News, film reviews, film-makers, iphone, Mario Cavalli, smart movie making, smartphones, Steve Barker, vimeo — August 17, 2011 11:05 — 0 Comments
As seen on Vimeo: reviews of iPhone films by Barker and Cavalli
Here are the first reviews of videos posted on Vimeo’s new Smart Movie Making channel.
The response so far has been fantastic and thanks to all who have contributed and please keep sending new work to the site so we can keep up to date with what you are doing. Also, there is still time to enter this year’s iPhone Film Festival if you haven’t already. Details are here.
The first four videos from the Vimeo group are by two
Following by Steve Barker
Steve says in his production notes this movie was ‘an experiment’, made in three days — shot the first day, animated on the second and ‘trying to make sense of it all on the third’.
His approach beautifully encapsulates the ethos of smart moviemaking, ie just going out and doing it. The story is existential, doesn’t make much sense, but then neither did Camus, unless we want to get all philosophical.
Great is the Mystery of Life by Stever Barker
This is structured better and using an amateur cast it is a story of a girl’s quest for her identity after her dad walks out when she was young.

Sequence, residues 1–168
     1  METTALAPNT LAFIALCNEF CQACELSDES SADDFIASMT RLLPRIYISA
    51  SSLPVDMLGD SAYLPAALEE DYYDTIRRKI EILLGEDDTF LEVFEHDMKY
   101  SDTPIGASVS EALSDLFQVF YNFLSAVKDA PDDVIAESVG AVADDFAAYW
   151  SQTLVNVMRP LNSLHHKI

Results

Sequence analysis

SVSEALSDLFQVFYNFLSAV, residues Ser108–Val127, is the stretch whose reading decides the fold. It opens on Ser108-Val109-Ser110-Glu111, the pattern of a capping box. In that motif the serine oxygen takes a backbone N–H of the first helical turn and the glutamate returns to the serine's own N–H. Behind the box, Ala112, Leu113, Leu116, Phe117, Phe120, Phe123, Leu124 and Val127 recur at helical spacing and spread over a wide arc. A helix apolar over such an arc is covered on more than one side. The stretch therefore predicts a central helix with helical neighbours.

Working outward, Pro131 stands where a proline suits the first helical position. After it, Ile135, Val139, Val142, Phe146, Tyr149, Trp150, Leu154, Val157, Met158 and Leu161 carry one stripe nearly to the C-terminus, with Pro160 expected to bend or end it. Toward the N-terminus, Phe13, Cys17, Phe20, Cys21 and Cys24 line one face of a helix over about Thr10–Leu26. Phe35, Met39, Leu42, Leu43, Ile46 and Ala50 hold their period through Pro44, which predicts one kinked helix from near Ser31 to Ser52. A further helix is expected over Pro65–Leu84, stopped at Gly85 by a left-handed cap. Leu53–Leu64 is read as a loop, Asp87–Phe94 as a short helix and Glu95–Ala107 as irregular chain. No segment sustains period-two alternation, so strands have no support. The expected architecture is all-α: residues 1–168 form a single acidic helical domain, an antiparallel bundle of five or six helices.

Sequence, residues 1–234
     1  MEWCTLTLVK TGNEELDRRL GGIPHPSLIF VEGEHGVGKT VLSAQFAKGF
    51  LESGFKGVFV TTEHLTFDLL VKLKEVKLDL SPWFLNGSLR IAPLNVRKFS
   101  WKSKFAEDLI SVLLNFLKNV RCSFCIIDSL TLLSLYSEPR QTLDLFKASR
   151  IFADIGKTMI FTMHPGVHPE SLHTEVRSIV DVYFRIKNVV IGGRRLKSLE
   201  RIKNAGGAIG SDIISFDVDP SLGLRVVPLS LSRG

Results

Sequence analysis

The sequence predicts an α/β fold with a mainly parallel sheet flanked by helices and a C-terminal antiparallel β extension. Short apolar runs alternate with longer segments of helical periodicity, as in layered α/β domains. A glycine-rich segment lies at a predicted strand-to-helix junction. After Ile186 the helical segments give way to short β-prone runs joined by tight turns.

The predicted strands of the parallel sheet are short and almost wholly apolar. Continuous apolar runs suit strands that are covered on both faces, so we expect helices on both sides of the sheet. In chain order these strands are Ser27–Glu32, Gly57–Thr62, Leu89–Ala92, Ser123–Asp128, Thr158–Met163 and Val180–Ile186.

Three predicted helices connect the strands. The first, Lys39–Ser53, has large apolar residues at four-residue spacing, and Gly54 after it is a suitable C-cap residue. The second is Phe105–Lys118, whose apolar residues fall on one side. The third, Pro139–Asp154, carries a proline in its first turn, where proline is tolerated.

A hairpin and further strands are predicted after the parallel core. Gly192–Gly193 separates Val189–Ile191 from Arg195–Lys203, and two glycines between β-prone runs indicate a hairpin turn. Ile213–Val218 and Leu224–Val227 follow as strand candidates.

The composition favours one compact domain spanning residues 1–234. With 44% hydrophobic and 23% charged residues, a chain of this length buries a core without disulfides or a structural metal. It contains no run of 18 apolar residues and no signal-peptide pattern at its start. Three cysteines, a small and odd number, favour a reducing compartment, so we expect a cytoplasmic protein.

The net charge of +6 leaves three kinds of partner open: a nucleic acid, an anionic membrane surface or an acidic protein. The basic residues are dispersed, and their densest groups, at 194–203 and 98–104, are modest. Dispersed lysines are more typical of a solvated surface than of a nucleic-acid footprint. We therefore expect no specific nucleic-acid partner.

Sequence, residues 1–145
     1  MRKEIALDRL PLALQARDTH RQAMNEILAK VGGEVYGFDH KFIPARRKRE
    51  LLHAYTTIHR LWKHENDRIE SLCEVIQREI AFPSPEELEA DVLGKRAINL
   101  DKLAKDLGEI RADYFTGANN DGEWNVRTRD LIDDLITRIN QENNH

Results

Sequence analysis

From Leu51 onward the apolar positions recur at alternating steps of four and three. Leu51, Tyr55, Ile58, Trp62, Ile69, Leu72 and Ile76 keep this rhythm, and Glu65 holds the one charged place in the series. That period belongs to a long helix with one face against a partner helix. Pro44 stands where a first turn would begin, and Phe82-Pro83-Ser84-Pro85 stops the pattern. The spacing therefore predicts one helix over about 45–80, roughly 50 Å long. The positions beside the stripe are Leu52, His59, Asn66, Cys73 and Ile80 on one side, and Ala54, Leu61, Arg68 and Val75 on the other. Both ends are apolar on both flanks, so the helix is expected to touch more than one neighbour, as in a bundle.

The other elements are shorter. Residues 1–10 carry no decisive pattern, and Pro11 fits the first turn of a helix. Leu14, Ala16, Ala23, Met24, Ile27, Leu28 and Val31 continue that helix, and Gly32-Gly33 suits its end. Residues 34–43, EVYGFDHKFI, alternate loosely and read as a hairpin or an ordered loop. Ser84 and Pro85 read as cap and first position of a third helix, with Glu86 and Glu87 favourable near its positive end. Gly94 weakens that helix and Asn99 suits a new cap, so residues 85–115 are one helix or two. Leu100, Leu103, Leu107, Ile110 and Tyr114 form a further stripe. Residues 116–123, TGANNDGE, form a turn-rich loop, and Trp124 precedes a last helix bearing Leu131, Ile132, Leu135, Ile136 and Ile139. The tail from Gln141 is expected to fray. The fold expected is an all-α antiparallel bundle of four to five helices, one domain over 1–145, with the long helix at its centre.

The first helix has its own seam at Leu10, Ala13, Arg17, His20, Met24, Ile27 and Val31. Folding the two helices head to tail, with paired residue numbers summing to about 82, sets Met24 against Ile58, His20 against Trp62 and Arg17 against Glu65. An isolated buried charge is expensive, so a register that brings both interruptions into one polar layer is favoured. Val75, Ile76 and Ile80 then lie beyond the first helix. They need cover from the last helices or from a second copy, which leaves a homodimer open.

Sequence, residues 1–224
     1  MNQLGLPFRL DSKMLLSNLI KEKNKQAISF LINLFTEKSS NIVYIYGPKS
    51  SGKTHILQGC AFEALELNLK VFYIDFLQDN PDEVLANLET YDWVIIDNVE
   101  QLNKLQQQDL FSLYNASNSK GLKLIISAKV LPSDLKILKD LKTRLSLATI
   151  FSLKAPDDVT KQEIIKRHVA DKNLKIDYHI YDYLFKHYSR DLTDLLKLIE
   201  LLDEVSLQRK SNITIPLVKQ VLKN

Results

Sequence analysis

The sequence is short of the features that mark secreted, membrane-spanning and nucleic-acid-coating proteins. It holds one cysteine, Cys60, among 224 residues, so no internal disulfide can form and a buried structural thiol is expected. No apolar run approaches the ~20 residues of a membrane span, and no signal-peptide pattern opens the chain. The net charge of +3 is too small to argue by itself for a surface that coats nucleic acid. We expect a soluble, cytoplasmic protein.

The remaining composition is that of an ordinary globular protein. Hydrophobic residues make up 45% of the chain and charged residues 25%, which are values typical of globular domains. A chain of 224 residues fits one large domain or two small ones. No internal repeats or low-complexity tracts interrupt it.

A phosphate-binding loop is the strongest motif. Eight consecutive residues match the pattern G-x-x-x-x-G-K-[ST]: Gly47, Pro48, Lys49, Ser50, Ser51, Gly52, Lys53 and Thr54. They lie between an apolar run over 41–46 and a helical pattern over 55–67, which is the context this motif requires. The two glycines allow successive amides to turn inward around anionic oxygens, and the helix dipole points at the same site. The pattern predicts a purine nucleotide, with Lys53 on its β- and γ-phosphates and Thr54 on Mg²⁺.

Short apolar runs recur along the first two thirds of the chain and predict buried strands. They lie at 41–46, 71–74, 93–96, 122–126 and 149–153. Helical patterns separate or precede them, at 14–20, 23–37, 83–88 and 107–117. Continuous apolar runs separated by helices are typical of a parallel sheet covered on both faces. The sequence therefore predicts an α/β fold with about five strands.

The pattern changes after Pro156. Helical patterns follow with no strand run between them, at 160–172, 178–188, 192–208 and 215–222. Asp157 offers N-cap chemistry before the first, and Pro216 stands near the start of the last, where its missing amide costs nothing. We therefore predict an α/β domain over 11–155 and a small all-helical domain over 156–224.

The existential and surreal themes are again present, as in adult life she wears a dog mask and has imaginary powers as she goes in search of her Self.
It’s a dark debut, very David Lynch in style and like Lynch Steve does a good job of capturing suburban life at its most bizarre. Great is the Mystery of Life is different and impressive.
Battle of The Eyes by Mario Cavalli
Mario takes his iPhone 4 into the studio of artists Savage Pencil and Eyeball and follows the pair as they produce a painting of an animal. An intimate filming technique and a choppy editing style makes this an intriguing essay on the artist(s) at work. The iPhone is perfect for this kind of filming and Mario is a confident
Uno by Mario Cavalli
Mario’s second submission to the group is a quiet meditation on insomnia, and is actually shot from his bed while listening to Ludovico Einaudi’s album Divenire.
In his notes he says he edited the images in PS Express and BlurFX. It is a beautiful little film that he simply would not have been able to make before the iPhone came along — we hope that afterwards Cavalli managed to get some sleep. Serene.
I shall be reviewing more films over the following days, if you would like to join the group you can do so here.